Lawrence was named a Hartwell Investigator today. His award will support the lab’s work on necrotizing enterocolitis and the gut microbiota. Many thanks to the Hartwell Foundation for their support!
From the Foundation’s Press Release:
Memphis, TN, April 01, 2015 – The Hartwell Foundation today officially announced the winners of 2014 Hartwell Individual Biomedical Research Awards, which will provide support for three years at $100,000 direct cost per year. Twelve individuals representing ten institutions received recognition as Hartwell Investigators:
- Rachel Fearns, Ph.D., Associate Professor, Department of Microbiology, Boston University for “Treating Respiratory Syncytial Virus Infection by Targeting the Viral Polymerase”
- Mark O. Huising, Ph.D., Assistant Professor, Department of Neurobiology, Physiology and Behavior, University of California, Davis for “Turning Alpha Cells into Beta Cells to Cure Juvenile Diabetes”
- Shira L. Robbins, MD, Associate Clinical Professor, Department of Ophthalmology, University of California, San Diego for “Omega-3 Fatty Acids as a Therapy for the Prevention of Retinopathy of Prematurity”
- Brian A. Cobb, Ph.D., Associate Professor, Department of Pathology, Case Western Reserve University for “Harnessing Lymphocyte Cooperativity for the Treatment and Prevention of Asthma”
- Conor Liston, MD, Ph.D., Assistant Professor, Brain and Mind Research Institute, Cornell University for “Neuroimaging Biomarkers of Circuit Pathology in Autism Spectrum Disorder”
- Lawrence A. David, Ph.D., Assistant Professor, Department of Genetics and Microbiology, Duke University for “Linking Oxygen and Bacterial Ecology in Necrotizing Enterocolitis”
- Gül Dölen, MD, Ph.D., Assistant Professor, Department of Neuroscience, The Johns Hopkins University for “Brain Circuit Photostimulation for the Treatment of Autism”
- Eili Y. Klein, Ph.D., Assistant Professor, Department of Emergency Medicine, The Johns Hopkins University for “Computational Genetic Forecasting for Improved Influenza Vaccination Antigenicity”
- Kevin B. Wood, Ph.D., Assistant Professor, Department of Biophysics, The University of Michigan for “Controlling Microbial Ecology to Combat Antibiotic Resistance”
- Yong-Chao Ma, Ph.D., Assistant Professor, Department of Pediatrics, Northwestern University for “Rescuing Motor Neuron Degeneration in Spinal Muscular Atrophy”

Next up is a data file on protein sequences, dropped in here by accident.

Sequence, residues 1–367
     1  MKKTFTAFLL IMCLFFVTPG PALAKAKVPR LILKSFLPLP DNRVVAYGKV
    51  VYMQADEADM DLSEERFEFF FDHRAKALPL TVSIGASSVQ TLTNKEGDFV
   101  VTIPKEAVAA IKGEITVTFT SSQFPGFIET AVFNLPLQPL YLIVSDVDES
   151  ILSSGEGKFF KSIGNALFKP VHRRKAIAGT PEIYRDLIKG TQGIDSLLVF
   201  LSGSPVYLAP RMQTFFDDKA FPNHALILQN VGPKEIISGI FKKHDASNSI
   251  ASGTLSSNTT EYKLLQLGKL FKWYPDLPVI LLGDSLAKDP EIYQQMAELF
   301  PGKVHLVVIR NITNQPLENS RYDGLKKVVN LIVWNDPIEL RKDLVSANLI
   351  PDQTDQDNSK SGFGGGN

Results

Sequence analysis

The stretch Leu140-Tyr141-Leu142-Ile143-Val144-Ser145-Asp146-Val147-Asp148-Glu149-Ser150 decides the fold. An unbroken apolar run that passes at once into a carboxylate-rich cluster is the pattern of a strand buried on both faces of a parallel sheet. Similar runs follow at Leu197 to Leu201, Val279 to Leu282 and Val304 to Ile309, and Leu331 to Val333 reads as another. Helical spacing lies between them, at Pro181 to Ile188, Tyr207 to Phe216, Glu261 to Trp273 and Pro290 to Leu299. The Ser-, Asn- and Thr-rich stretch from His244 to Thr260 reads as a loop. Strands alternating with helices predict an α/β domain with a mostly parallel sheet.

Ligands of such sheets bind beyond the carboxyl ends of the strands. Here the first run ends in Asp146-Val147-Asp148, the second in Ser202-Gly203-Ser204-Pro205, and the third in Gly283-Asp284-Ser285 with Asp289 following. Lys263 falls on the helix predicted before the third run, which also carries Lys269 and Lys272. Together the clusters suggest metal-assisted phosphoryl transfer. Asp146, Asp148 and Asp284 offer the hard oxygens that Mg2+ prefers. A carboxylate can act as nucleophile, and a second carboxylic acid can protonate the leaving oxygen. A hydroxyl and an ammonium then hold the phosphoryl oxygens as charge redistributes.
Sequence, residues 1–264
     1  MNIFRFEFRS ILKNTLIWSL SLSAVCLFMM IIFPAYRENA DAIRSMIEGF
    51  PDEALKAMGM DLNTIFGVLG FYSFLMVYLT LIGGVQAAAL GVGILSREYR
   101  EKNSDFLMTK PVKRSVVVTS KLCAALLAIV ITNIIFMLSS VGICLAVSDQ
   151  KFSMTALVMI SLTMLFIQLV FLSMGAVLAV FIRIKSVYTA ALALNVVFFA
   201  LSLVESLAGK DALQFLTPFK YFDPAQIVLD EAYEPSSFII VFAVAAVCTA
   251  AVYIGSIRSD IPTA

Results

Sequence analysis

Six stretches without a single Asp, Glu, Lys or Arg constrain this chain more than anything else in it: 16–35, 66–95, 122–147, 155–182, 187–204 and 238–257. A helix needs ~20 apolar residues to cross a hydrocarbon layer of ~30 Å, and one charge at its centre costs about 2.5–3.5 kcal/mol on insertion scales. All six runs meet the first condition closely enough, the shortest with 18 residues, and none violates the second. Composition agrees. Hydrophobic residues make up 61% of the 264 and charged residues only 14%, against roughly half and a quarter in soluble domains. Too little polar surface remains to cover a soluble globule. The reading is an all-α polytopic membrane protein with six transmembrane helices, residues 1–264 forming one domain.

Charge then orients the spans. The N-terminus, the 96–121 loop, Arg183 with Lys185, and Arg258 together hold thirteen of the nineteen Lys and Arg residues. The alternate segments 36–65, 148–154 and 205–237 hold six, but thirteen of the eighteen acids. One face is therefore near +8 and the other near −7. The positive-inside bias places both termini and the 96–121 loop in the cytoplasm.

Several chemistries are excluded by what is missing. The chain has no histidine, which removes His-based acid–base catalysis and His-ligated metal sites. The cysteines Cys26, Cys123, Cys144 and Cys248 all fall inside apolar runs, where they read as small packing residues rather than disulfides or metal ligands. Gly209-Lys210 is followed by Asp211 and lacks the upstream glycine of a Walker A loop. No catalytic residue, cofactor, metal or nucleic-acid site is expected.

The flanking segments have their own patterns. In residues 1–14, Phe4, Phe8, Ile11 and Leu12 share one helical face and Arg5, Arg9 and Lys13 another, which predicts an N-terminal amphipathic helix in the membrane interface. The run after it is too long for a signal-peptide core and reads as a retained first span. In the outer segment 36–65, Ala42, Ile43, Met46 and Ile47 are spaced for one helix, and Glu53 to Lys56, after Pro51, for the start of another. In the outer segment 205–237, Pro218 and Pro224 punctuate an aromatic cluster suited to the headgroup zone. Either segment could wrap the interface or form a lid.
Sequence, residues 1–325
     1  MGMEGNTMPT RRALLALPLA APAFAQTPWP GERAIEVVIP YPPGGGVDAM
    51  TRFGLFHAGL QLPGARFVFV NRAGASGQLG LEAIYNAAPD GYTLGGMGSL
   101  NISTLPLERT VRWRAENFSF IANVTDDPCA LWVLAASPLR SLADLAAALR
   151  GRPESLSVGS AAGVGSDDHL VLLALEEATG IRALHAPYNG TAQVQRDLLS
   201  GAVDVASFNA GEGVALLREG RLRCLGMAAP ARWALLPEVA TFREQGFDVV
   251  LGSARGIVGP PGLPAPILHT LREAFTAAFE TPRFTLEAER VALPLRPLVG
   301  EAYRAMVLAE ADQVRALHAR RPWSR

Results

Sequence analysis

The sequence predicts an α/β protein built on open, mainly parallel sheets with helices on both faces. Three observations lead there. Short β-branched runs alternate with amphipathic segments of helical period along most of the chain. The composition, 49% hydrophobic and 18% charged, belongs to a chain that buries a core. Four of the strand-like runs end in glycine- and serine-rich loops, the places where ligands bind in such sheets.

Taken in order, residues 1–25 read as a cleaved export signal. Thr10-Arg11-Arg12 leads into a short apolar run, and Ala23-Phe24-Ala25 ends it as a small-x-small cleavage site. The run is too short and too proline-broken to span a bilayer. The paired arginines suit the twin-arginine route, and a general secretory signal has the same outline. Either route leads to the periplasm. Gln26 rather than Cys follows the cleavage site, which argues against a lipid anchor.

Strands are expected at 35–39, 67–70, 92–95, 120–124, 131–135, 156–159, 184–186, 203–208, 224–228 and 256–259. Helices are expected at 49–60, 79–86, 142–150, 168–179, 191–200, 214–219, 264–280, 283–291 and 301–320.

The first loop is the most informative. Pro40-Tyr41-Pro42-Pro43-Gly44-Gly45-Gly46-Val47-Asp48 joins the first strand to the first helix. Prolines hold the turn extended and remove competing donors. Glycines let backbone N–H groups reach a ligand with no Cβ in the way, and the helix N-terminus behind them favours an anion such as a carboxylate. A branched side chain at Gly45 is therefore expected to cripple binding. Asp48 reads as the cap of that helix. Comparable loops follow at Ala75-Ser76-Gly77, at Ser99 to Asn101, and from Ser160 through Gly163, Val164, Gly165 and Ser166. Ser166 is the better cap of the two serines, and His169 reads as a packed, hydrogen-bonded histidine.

- Christina M. Hull, Ph.D., Associate Professor, Department of Biomolecular Chemistry, University of Wisconsin-Madison for “Prevention and Treatment of Deadly Fungal Diseases by Targeting Spores”
- Luis Populin, Ph.D., Associate Professor, Department of Neuroscience, University of Wisconsin-Madison for “Algorithm to Quantitatively Determine the Ideal Drug Dose to Treat Attention Deficit Hyperactivity Disorder”
The Hartwell Foundation is pleased to provide financial support to these exceptional scientists who are pursuing biomedical research to advance children’s health. The award winning proposals for 2014 represent innovative and cutting edge technology from research areas that include Molecular Biology, Infectious Disease, Medical Diagnostics, Neurobiology, Diagnostic Imaging, and Physiology.
Each year The Hartwell Foundation invites a limited number of institutions in the United States to hold an internal open competition to nominate candidates from their faculty who are involved in early-stage, innovative, and cutting-edge biomedical research that has not yet qualified for significant funding from outside sources. In the 2014 competition there were 15 participating institutions. Based upon the Nominees submitted, the Foundation selected the top researchers to receive a Hartwell Individual Biomedical Research Award. Notably, in the 2014 Class, Nominees from ten different schools won Awards; the University of Wisconsin and Johns Hopkins University each received two Awards.
“The 2014 competition was very strong. Nominees embraced the opportunity by leveraging internal support and guidance from their participating institution, as well as the experience of previous Hartwell Investigators,” said Fred Dombrose, President of The Hartwell Foundation.
For each Nominee selected for a Hartwell Individual Biomedical Research Award the sponsoring participating institution receives a Hartwell Fellowship to fund one postdoctoral candidate who exemplifies the values of the Foundation. Hartwell Fellowships offer support for two years at $50,000 direct cost per year to support scientists in the early stages of their research careers by enabling them to pursue further specialized training in biomedical research as part of their professional career development.
“While significant early-stage funding benefits the individual researcher, participating institutions also receive recognition in the form of Hartwell Fellowships that they designate to qualified postdoctoral researchers,” said Dombrose.
The Hartwell Foundation seeks to inspire innovation and achievement by offering individual researchers an opportunity to realize their professional goals. In selecting awardees, the Foundation takes into account the compelling and transformative nature of the proposed innovation, the extent to which a strategic or translational approach might accelerate the clinical application of research results to benefit children of the United States, the extent of collaboration in the proposed research, the institutional commitment to provide encouragement and technical support to the investigator, and the extent to which funding the investigator will make a difference.
For additional information see www.thehartwellfoundation.org